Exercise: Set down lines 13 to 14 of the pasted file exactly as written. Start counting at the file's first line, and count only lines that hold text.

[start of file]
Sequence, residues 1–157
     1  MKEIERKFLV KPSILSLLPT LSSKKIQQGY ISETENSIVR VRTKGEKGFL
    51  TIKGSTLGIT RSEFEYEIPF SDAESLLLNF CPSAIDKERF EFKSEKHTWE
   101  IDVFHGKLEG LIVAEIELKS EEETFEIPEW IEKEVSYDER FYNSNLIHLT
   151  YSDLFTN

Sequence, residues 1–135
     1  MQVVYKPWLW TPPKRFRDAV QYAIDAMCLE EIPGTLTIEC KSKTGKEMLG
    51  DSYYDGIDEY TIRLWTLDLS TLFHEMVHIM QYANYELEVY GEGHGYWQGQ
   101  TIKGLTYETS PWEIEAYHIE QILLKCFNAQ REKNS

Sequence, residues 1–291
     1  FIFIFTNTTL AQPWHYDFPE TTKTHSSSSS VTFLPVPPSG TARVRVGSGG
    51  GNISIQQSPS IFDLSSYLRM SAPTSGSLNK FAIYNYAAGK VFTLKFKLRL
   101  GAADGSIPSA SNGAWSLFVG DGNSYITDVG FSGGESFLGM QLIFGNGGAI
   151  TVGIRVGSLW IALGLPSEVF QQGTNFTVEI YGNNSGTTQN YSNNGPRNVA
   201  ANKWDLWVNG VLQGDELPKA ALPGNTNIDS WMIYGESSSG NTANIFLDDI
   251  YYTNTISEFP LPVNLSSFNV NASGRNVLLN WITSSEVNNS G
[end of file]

   101  GAADGSIPSA SNGAWSLFVG DGNSYITDVG FSGGESFLGM QLIFGNGGAI
   151  TVGIRVGSLW IALGLPSEVF QQGTNFTVEI YGNNSGTTQN YSNNGPRNVA